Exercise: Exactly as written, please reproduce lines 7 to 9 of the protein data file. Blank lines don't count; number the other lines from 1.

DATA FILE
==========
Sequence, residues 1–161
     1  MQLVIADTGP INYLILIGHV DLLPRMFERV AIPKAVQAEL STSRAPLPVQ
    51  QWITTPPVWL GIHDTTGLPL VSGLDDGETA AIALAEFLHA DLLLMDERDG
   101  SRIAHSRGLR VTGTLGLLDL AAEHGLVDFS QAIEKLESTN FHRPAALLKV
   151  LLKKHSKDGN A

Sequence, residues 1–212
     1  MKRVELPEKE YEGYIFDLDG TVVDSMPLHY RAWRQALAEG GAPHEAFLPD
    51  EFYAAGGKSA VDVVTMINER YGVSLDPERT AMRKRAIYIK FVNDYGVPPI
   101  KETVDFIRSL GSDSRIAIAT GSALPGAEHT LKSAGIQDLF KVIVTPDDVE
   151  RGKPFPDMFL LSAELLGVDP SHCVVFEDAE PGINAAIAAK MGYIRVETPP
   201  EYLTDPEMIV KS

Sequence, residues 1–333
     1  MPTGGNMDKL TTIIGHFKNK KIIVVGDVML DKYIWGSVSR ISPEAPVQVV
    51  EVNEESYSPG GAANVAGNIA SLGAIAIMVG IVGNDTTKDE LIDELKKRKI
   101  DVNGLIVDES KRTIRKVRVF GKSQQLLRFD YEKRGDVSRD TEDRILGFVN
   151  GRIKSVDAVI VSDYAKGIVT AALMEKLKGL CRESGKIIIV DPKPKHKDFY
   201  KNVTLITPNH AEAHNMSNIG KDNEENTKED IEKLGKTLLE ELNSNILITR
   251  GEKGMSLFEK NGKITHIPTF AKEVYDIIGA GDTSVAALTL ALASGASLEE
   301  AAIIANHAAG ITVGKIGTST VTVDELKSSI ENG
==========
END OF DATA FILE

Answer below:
     1  MKRVELPEKE YEGYIFDLDG TVVDSMPLHY RAWRQALAEG GAPHEAFLPD
    51  EFYAAGGKSA VDVVTMINER YGVSLDPERT AMRKRAIYIK FVNDYGVPPI
   101  KETVDFIRSL GSDSRIAIAT GSALPGAEHT LKSAGIQDLF KVIVTPDDVE